Thursday, March 6, 2008

"Down in it"

"Kinda like a cloud I was up way up in the sky"

3 years ago. March 5, 2005. The scene was Dempsey Indoor at the University of Washington in Seattle. The result? The line below tells a lot:

11 728 Gelbean, Tim Fleet Feet 14:20.00 14:46.96

Interpreting this little line of information for you goes like this:

I placed 11th (out of 21 starters/20 finishers).

They spelled the name wrong, as I had all kinds of trouble getting entered into the meet, and as of the day before the race, I found out I still wasn't entered at all (even though I had flown to Seattle!).

Next, I was racing for the Fleet Feet Racing Team in Boulder, and managing the team at the time. Those were definitely the proverbial good ol' days. I can't put into words how much I miss the racing, the managing, and being a teammate. It was a big part of my life.

"I was up above it"

14:20.00 That was my seed time. Yes, I was ambitious and optimistic. But I had good reason to feel that way. I was in the best shape of my life. The spring before, I injured my achilles shortly after (during?) a 4:08 (1500m) / 8:49 (3000m) double at CU early in a planned track season. I came back later that summer and felt fantastic running a 15:09 5000m, again at altitude. An injury-free stretch ensued, in which I got stronger and stronger. I ran 19:09 for the Purple Runner 5.8K Buff Ranch course that fall. In early January, I PR'd at 3K - indoors and at altitude - with a 8:48.7 at CU. After that race, I talked with CU's Mark Wetmore, and asked him for recommendations on where to attempt a fast indoor 5K - he said the University of Washington (sea level, raised but flat oversized track, great competition). That became my focus, and based on my performances, and several track workouts, my "if everything goes well" goal became 14:20. I really felt I was ready to step up to another level, and was planning on running in a "big time" 5000m race at Drake or Mt. SAC later in the spring. I was ready to go.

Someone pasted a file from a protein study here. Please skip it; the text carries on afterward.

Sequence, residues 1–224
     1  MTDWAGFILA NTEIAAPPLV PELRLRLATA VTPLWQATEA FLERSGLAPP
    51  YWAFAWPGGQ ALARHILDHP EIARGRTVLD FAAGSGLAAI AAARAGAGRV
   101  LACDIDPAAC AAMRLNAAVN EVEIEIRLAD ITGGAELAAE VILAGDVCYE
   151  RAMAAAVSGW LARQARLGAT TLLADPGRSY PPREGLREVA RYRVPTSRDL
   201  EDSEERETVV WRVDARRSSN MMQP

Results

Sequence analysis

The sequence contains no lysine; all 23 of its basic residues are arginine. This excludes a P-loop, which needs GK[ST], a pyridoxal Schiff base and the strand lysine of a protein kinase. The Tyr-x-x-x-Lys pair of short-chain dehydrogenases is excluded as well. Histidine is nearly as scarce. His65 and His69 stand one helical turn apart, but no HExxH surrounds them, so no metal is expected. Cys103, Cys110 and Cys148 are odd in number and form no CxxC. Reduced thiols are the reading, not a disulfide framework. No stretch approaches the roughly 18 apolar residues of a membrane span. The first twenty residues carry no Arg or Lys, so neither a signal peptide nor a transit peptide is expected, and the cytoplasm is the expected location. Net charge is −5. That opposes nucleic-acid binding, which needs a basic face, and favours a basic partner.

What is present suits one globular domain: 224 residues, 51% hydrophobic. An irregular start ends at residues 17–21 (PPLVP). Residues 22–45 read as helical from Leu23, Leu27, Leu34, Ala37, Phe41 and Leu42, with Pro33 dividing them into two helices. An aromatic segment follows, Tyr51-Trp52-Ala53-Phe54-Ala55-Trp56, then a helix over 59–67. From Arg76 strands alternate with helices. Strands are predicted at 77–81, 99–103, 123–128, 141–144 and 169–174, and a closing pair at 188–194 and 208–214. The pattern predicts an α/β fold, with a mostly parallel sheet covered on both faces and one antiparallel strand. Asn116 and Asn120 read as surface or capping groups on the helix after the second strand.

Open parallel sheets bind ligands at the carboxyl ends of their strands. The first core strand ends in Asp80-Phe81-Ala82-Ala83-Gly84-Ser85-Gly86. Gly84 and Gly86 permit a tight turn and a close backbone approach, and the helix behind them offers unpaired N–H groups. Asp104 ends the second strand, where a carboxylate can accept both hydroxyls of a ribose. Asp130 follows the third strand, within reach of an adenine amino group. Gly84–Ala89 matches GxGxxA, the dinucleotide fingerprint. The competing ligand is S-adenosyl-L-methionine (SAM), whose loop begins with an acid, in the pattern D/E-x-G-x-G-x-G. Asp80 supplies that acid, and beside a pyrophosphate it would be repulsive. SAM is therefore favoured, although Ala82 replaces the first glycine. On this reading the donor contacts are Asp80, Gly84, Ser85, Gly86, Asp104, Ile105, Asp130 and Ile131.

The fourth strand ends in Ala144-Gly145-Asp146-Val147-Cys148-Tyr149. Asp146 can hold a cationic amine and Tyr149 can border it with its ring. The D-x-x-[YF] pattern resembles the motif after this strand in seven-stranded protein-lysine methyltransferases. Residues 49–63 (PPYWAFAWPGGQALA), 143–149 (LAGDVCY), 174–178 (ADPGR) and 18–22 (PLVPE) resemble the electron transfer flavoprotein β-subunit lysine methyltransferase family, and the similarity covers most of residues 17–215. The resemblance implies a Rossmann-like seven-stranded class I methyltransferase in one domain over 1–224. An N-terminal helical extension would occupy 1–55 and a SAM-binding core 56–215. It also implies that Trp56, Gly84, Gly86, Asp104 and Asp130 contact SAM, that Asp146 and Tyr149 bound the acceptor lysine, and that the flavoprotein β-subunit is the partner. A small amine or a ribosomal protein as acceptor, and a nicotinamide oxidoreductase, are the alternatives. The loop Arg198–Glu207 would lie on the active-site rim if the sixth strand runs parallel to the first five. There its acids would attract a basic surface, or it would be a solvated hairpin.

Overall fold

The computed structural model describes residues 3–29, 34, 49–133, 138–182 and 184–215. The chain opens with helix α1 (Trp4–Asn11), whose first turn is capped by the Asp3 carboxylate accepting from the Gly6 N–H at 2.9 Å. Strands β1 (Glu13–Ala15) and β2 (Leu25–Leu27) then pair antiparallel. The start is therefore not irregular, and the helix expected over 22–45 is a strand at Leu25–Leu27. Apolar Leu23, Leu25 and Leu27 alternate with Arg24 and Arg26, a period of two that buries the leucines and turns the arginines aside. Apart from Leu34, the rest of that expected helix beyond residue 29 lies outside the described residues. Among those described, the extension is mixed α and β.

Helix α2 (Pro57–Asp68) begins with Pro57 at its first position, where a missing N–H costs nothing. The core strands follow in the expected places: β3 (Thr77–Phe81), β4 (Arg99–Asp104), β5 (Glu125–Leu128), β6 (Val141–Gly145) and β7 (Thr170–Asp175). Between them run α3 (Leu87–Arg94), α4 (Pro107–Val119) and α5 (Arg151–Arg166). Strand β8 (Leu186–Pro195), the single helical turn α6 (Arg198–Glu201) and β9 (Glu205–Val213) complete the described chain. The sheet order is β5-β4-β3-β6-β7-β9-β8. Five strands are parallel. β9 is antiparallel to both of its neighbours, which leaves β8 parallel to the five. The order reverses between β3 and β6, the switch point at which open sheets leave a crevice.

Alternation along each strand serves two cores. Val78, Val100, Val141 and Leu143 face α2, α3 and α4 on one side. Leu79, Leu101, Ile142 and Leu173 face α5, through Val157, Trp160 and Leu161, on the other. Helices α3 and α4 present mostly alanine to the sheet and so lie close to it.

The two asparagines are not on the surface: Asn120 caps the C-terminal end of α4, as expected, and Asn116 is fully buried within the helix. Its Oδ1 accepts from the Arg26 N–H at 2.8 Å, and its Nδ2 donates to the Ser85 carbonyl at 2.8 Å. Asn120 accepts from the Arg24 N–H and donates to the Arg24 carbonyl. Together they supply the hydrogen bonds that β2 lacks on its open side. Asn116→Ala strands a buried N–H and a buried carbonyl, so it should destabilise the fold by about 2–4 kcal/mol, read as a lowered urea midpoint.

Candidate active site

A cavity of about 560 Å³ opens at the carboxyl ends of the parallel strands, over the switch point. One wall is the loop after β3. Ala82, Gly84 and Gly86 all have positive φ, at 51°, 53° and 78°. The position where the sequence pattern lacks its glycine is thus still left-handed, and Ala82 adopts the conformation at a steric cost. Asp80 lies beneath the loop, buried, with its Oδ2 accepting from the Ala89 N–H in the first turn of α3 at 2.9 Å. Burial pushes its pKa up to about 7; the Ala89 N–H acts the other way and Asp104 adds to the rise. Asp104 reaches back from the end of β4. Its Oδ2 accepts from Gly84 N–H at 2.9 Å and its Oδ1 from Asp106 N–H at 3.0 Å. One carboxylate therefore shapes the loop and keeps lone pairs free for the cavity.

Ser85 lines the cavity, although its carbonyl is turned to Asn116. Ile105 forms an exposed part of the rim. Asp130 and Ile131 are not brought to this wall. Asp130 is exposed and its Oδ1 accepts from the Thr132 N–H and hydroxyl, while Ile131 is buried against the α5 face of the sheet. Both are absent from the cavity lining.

"Just then a tiny little dot caught my eye It was just about too small to see"

14:46.96 In talking with PH, GZ and JL shortly after the race (on PH's phone - funny, I had forgotten that), I wasn't celebrating my small PR (old best 14:47.2, outdoors in 2002). I had a bad day. I tried to take the perpsective of "on a bad day, I PR'd, and I'm disappointed - in a way, that shows how far I've come, and how good of shape I'm in." I had just never imagined the race going that way. I never felt too good, lost focus for much of the race, and rallied for the fractional improvement to my best time. I had assumed that no matter what, I would run sub-14:30.

The full results from that meet:

"But I watched it way too long That dot was pulling me down"

I headed out for a classic, post-shitty race, extra long warmdown. Of course, GZ and I had been doing XL warmdowns a lot in those days. I remember feeling a bit light headed at some point during that one, but I still probably covered 8 miles or so. After heading back to the hotel, and getting cleaned up, I then headed out for dinner (Cheesecake Factory), and a solo walking tour of Seattle. Eventually, I headed back, picked up a quite large amount of Cold Stone Creamery ice cream, and returned to my hotel room. After a stretch of stubborn focus, my binge eating had returned. The next morning, I enjoyed a long run at nearby Tiger Mountain. The long run was planned, but with my issues, it also served as a bit of a purge. More eating followed, including the leftover ice cream from the night before, and eventually I made it to the plane. I remember not eating on the plane, not eating when I got home, and not eating again until the next afternoon. Bad move.

"Now I'm down in it"